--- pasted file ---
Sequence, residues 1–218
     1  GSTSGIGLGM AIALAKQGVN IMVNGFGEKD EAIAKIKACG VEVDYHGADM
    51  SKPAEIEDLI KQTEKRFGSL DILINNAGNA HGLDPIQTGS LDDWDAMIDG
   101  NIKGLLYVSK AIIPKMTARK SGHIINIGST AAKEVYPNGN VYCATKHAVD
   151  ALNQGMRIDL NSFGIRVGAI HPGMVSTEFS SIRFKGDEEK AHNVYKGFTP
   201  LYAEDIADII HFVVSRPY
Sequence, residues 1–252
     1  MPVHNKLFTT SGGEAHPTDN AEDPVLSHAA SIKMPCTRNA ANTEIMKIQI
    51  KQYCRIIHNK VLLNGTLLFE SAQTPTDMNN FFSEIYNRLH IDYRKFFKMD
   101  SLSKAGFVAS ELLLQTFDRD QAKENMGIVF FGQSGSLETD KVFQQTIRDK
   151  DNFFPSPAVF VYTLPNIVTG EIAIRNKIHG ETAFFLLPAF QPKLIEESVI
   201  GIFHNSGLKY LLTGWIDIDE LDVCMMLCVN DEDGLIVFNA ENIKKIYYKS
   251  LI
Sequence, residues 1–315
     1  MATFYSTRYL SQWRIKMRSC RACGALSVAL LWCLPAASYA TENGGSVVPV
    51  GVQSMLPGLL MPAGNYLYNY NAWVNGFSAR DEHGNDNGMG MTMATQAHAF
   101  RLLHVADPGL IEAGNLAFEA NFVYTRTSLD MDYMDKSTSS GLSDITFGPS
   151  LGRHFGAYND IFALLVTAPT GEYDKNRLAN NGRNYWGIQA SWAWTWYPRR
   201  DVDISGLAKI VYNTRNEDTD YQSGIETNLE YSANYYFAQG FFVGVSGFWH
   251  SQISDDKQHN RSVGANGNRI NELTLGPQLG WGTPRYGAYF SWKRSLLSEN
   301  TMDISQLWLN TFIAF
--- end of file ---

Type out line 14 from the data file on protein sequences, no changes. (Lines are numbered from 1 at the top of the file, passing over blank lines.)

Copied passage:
Sequence, residues 1–315